Russia's virus caseload passes four million

Coronavirus. Credit: European Centers for Disease Control

Russia officially surpassed four million coronavirus infections Wednesday, days after the country dramatically revised upwards its fatality rate, cementing its place as one of the world's worst-hit nations.

A government tally showed infections had reached 4,012,710, which is the fourth-highest rate globally after the United States, India and Brazil.

But Russia has come under fire for its official virus statistics and the government's stated of 78,134 in particular has been undermined by recent mortality data.

Figures published by statistics agency Rosstat on Monday showed more than 162,000 virus-related deaths last year, more than double the number reported by the government's so far.

Russia has frequently come under fire for downplaying the impact of the pandemic and only counting fatalities where coronavirus was found to be the primary cause of death after an autopsy.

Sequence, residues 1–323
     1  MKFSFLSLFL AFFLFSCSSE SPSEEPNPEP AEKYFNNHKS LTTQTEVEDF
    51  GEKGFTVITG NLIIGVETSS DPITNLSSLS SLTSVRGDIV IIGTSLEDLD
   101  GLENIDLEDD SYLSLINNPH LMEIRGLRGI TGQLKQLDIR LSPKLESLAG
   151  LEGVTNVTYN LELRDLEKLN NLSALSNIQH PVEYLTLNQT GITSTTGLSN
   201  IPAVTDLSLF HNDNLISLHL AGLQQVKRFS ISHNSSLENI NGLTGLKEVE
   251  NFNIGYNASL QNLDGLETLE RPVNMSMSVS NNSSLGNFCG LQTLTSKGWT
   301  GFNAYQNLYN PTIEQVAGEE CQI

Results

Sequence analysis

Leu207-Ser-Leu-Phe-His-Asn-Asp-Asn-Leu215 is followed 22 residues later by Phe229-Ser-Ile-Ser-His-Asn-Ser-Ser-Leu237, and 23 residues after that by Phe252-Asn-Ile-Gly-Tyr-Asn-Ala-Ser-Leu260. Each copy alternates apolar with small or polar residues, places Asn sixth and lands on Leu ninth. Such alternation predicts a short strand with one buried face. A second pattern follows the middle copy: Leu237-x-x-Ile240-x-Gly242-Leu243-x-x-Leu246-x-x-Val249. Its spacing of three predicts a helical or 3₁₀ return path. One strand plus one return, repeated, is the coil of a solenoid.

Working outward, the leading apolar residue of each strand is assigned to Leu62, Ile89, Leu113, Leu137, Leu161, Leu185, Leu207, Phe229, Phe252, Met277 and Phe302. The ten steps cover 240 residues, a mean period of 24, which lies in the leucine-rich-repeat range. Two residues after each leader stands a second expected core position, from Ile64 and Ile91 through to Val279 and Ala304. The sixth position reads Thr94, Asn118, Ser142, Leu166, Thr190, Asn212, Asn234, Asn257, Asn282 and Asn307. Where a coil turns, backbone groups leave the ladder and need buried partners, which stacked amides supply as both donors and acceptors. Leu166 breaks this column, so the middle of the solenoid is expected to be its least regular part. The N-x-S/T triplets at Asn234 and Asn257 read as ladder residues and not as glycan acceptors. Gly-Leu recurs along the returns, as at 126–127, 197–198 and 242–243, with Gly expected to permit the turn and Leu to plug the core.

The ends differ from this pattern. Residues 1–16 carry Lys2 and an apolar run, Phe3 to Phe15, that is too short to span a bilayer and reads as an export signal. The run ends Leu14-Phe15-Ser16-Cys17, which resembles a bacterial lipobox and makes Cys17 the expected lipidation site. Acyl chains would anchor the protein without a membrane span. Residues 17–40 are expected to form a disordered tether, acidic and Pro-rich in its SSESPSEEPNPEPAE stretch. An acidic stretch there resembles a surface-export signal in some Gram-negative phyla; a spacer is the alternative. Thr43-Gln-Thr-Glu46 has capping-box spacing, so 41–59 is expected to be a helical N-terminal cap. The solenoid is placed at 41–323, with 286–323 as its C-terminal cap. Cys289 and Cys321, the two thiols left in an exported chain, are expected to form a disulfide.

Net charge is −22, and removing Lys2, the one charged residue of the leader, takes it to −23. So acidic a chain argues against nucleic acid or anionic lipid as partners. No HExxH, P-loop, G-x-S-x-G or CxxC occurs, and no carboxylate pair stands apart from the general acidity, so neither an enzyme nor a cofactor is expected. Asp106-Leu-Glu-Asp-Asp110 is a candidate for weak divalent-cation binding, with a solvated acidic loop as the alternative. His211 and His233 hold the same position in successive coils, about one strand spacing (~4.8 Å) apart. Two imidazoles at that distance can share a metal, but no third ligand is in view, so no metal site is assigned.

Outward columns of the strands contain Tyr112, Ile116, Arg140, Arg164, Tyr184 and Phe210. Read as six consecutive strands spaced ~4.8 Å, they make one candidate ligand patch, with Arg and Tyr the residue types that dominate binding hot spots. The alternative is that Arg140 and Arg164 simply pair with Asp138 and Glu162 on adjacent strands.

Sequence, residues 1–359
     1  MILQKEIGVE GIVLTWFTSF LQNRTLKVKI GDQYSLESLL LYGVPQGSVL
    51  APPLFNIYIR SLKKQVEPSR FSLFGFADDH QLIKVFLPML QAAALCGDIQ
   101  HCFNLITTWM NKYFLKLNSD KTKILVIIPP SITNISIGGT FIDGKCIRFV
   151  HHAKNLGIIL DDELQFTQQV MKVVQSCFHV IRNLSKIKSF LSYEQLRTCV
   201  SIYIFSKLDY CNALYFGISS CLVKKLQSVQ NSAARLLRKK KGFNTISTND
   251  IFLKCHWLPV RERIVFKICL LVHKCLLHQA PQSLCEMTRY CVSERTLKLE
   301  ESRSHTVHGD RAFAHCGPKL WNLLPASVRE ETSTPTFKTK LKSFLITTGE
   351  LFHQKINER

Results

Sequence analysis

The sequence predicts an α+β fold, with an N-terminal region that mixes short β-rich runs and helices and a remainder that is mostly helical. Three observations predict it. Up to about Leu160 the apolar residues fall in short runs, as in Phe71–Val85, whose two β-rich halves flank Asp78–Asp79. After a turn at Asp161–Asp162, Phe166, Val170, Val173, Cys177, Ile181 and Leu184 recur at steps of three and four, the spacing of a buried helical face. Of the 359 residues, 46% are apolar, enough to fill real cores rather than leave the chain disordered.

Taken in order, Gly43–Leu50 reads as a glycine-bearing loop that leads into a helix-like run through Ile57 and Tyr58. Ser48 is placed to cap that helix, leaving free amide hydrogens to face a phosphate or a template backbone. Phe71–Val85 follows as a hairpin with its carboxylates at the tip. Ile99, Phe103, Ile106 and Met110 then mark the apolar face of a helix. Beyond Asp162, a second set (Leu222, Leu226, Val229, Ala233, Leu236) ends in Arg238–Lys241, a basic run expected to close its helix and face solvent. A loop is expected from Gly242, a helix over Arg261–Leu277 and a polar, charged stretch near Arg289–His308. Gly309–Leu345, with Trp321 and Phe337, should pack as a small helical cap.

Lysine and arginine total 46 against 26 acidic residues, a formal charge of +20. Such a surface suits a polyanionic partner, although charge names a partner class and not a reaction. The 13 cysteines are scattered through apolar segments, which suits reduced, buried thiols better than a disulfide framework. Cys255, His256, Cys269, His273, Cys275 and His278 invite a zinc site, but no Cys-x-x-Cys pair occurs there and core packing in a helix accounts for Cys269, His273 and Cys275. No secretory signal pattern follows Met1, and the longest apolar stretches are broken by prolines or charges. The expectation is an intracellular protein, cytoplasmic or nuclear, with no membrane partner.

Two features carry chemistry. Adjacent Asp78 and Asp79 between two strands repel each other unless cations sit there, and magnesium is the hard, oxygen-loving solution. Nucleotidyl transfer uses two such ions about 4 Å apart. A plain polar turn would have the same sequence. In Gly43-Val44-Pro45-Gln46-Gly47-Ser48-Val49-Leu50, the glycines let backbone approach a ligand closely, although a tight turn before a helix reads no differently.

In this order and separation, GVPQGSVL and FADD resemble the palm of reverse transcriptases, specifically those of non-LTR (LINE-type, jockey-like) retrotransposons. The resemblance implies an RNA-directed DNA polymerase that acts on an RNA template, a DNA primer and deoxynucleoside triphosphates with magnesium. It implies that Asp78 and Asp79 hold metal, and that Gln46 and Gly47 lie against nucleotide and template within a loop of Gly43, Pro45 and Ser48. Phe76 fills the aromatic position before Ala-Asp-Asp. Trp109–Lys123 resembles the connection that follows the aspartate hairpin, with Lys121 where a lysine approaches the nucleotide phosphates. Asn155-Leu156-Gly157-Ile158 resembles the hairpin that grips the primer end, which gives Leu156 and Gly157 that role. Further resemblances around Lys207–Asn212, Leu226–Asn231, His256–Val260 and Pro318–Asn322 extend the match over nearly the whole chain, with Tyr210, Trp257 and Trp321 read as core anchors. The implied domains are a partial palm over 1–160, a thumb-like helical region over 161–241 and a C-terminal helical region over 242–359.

The country had been battered recently by a second wave of infections but has held back on reimposing lockdowns like other European countries and instead relied on a nationwide vaccine rollout.

Russia said Wednesday that 2.2 million people in the country had been administered the jab since vaccinations began in January.

The mayor of Moscow Sergei Sobyain said last month that half of the city's population, or at least six million people, had been infected with the virus, suggesting a much higher nationwide toll.

Still, last month he also announced a significant easing of restrictions in the capital, which is the epicentre of the virus outbreak in Russia.

Bars and restaurants are operating as usual, schools have reopened and companies are no longer mandated to have staff work from home. Mask wearing in public is still mandatory.

© 2021 AFP

Citation: Russia's virus caseload passes four million (2021, February 10) retrieved 30 November 2023 from
This document is subject to copyright. Apart from any fair dealing for the purpose of private study or research, no part may be reproduced without the written permission. The content is provided for information purposes only.

Explore further

Follow the latest news on the coronavirus (COVID-19) outbreak


Feedback to editors